The first time I saw the extraordinary noise punk band Weeping Icon was at the Bushwick venue Alphaville in 2017, and I was instantly mesmerized. Their music, then and now, comes at you with the force of an electrical storm, laced through with trenchant social and political commentary in the lyrics. This past Friday, they were back at Alphaville for the first time since the pandemic began. (The venue had stopped having live music during the struggles of the past three years, but recently reopened its stage again.) Adding to the festive mood on Friday, Weeping Icon had just released their newest EP, Ocelli (read our review), the first new offering from them since their self-titled debut LP in 2019. Both the musicians and the packed crowd were in the mood to celebrate, myself included.
The Brooklyn trio JWC kicked off the night with their unique ethereal sound, focused around lilting guitar solos and dreamy vocals from Jeremy Cox (formerly of LODRO), also featuring Mike Sheffield (of Heaven’s Gate) and Dan Mehaffey.
Next to take the stage was the experimental quartet YHWH Nailgun, who also just released a new EP, No Midwife and I Wingflap. Originally formed in Philadelphia as a collaboration between drummer Sam Pickard and vocalist Zach Borzone, the band is now Brooklyn-based with Jack Tobias on synths and Sanguiv Rosenstock on guitar. Their music has been described as: “the feeling of a punch, taking heavier, industrial sounds, and condensing them into more urgent, digestible forms, and infusing that with the luster of electronic and dance music.” The punch was palpable as YHWH Nailgun took the stage, with Borzone stretching out on the floor before their set. He needed to stretch since he was literally vibrating with the intensity of the music, yelling out a quick staccato “thank you” at the conclusion of each song.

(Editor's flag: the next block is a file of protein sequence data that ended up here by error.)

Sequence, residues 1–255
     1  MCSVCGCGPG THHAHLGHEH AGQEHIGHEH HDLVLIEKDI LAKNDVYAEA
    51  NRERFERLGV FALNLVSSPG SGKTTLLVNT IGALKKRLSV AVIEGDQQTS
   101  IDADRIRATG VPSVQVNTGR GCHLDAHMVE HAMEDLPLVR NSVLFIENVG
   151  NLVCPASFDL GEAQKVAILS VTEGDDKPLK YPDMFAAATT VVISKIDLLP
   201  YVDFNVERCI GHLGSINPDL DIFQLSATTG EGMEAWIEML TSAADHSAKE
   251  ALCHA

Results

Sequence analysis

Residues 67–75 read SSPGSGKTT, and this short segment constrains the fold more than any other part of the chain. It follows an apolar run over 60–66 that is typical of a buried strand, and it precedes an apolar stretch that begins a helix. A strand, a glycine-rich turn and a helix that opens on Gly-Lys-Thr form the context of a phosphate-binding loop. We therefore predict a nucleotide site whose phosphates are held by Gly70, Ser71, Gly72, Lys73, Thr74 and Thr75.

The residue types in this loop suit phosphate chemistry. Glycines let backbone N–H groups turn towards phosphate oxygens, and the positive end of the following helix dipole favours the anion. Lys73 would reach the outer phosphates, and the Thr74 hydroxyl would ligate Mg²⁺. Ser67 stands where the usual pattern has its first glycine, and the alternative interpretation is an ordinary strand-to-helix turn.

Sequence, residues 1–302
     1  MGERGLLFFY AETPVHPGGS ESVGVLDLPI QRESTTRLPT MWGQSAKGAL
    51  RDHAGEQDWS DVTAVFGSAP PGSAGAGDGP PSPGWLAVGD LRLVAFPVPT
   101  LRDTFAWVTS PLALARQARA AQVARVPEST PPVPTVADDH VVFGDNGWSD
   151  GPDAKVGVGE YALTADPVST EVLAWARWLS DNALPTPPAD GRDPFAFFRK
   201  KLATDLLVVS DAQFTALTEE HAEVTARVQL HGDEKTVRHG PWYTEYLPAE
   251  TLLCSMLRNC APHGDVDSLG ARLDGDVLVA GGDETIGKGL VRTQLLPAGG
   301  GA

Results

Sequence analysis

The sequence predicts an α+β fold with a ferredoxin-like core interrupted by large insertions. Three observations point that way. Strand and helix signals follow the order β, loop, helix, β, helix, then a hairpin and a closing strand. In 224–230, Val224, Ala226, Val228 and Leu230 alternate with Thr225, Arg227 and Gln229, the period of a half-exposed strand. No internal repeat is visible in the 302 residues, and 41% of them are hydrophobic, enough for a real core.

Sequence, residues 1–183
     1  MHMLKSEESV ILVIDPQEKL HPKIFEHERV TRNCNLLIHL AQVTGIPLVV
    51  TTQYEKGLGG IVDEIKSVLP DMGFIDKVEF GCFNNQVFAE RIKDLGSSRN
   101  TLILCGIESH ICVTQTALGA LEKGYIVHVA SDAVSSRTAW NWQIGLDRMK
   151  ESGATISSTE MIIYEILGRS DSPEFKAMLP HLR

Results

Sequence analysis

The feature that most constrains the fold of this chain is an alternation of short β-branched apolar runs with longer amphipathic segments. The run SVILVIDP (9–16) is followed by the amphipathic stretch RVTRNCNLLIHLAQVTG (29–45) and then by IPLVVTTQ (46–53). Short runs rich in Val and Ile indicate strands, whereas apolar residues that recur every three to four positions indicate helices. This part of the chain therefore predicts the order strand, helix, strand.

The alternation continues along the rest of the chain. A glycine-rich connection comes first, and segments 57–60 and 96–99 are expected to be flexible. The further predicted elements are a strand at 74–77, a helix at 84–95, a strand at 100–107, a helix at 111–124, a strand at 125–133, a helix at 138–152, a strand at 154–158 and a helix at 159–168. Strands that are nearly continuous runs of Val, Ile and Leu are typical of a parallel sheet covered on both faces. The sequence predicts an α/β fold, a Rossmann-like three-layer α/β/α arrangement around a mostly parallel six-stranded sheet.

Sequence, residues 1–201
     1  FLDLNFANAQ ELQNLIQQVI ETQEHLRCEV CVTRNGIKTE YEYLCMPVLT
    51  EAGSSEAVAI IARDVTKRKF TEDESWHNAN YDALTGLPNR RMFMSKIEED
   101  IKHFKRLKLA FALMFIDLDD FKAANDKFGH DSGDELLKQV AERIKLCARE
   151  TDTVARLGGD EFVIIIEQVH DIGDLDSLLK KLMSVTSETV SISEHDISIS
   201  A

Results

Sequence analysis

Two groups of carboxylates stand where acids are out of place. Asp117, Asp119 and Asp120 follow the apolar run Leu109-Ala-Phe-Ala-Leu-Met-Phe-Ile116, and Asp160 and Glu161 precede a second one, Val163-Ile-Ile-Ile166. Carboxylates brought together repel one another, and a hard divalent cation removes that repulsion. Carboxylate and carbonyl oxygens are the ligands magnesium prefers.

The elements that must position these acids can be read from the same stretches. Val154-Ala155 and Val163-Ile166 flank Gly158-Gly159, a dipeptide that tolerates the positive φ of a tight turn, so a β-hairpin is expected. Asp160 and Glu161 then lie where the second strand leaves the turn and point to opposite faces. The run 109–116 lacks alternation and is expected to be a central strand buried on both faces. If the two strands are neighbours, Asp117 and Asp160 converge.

Before Weeping Icon took the stage, the crowd was treated to a quick performance from trans queen, Harlequin Panic, who encouraged everyone to stand up for trans rights, an issue that Weeping Icon clearly cares about, among many others. Bassist Sarah Reinold started out the sonic hypnosis with waves of rumbling noise that then built into the band’s most recent single from Ocelli, “Two Ways.” Guitarist Sara Fantry’s lyrics channeled the voice of a two-faced sexist man, who is verbally abusive to some women while insisting that he will change whenever he’s called out on his bullshit (and of course he never changes). The song also has a fantastic video directed by Rafael Joson and Mike Andretti which sees the band played by actors on a Jerry Springer-esque talk show that devolves into the predictable mayhem of the original show.
From that strong beginning, the set also included two brand new yet-to-be-titled unrecorded songs that had relentless grooves driven by Lani Combier-Kapel on drums, and awash in the pulsing noise tapestries created by Weeping Icon’s newest member, Heather Elle (also of Flossing), on electronica; the band was also joined by special guest saxophonist, Kate Mohanty. They closed out the night with Ocelli’s first single, “Pigs, Shit, and Trash,” with Combier-Kapel shouting out intense vocals that call to task government officials and the wealthy for their lack of action in an unjust world. This song also has a surreal–or too real?–video directed by Alice Millar.
It was beyond wonderful to see Weeping Icon back on the Alphaville stage, and I’m excited to listen to Ocelli on repeat over the coming months. I stepped out into Friday’s freezing temperatures still sweating from the warmth of the crowd and the fire burning within all of the night’s music. Huge congratulations to Weeping Icon on another powerful record!
Scroll down for pics of the show (photos by Kevin McGann)